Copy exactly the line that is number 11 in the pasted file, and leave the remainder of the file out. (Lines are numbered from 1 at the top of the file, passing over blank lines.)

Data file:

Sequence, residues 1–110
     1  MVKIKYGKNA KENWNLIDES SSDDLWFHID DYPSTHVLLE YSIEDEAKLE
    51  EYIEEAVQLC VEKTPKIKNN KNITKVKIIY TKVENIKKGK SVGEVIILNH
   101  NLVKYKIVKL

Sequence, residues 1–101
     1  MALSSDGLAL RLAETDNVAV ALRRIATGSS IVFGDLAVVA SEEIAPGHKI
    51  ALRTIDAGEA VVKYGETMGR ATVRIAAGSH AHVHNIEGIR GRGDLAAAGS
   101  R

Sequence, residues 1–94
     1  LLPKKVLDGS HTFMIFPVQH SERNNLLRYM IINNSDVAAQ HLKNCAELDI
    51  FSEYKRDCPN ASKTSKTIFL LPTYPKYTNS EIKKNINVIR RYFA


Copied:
    51  FSEYKRDCPN ASKTSKTIFL LPTYPKYTNS EIKKNINVIR RYFA